Art People: Rochelle Shicoff | painter, mixed media artist

Wednesday, October 22, 2014
Rochelle Shicoff thinks of herself mainly as a painter. And yet, her exhibit “It Came to Pass,” on view through Oct. 31 at the Jewish Community of Amherst, features photomontages; the images are mostly sacred items housed in old synagogues on the Lower East Side of New York City.

The Orthodox shuls (synagogues), some grand and restored, others simple rooms in apartments or basements in tenements where Jewish immigrants once dwelled, remind her, she says, of the “synagogue life” of her childhood. As a Brooklyn youth, Shicoff traveled with her father, cantor Sydney Shicoff, to the large Borscht Belt hotels (Grossinger’s, The Concord) in the Catskills, where he performed for the Jewish holidays. “It was a different kind of growing up,” said Shicoff, 71. “My father didn’t have a shul — he was the Catskills Cantor.”

In spite of her father’s profession (her grandfather was a cantor, as well), she says, she’s not religious. “I’m a cultural Jew,” she said. “But it remains a part of my life, that Catskill experience.”

Shicoff, who lives in Monson and New York, became interested in the synagogues after taking a tour given by the Lower East Side Conservancy, an organization that preserves the area’s sacred sites. With help from the Conservancy staff, Shicoff revisited 11 synagogues to prepare her exhibit, photographing architectural details, as well as ritual objects.

“You’ll notice there are no people,” Shicoff said in an interview last week at the JCA. “I’m interested in people, but I’m not interested in people davening,” she said, referring to prayer recitations that are part of the observance of Orthodox Judaism. “I’m interested in the sacred objects — the siddurim (Jewish prayer book), the taleisem (prayer shawl). I think that this has intimacy and power.”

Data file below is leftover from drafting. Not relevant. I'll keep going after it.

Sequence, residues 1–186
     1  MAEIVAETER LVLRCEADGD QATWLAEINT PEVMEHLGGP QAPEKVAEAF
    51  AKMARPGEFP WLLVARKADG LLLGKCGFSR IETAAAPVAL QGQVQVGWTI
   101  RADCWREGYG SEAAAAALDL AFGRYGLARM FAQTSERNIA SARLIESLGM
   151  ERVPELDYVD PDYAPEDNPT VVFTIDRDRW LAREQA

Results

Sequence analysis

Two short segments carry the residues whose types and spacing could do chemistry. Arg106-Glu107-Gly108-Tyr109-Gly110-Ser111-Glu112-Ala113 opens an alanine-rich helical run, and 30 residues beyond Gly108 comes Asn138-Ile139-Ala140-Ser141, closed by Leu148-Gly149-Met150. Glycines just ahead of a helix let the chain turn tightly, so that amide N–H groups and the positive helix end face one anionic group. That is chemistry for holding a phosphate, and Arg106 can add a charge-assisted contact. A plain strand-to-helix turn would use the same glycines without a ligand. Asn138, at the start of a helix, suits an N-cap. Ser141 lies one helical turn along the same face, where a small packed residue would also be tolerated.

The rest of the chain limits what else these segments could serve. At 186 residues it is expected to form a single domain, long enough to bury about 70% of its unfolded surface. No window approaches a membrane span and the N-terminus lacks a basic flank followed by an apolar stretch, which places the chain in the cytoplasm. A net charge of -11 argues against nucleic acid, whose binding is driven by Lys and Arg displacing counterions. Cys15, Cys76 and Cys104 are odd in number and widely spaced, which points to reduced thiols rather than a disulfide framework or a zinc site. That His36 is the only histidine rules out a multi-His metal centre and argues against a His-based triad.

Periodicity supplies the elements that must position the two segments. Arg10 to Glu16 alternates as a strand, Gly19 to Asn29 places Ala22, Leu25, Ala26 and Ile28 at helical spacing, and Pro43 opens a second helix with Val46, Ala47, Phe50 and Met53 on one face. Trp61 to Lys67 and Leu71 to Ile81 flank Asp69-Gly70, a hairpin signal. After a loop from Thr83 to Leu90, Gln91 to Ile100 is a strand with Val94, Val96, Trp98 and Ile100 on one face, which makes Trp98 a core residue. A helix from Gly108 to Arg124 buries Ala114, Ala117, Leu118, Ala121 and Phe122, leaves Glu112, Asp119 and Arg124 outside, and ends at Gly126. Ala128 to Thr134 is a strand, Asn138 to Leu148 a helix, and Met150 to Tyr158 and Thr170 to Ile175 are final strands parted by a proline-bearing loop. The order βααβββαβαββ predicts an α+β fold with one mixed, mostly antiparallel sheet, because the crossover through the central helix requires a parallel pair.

Words from the Torah are also often displayed. “The Jews are very involved with The Word. Books are very important,” Shicoff said. “That’s how, through all of the anti-Semitism, we’ve kept the learning. So I put the Torah in.”

Ultimately, Shicoff says, she is a storyteller, and her photomontages, she says, are meant to tell stories, not only about her own life, but also about the Jewish immigrants who flooded New York City’s Lower East Side at the end of the 19th century through the mid-20th century. Shicoff’s grandparents immigrated after the Holocaust, during which some family members were murdered.

Shicoff says the “expansive dichotomy” of her early life — she attended Hebrew school six days a week (“Thank you, Dad”) as well as public school — is reflected in the work. Though it features mainly sacred objects, she integrates secular images, many from her own paintings, as well as handmade paper, encaustic and oil-painted surfaces, and photos taken during her travels, including to Italy in 1980 when she won the Rome Prize Fellowship in Painting.

Shicoff says creating the exhibit for the JCA took her back to her roots.

“I stayed in each (synagogue) as long as it took me to absorb. ... I could see the immigrants. It was important for me to do that, making connections,” she said. “I hung the show (at the JCA) and then I went home and watched ‘Schindler’s List’ for the thousandth time.”

— Kathleen Mellen

For more information about Rochelle Shicoff’s artwork, visit rochelleshicoff.weebly.com.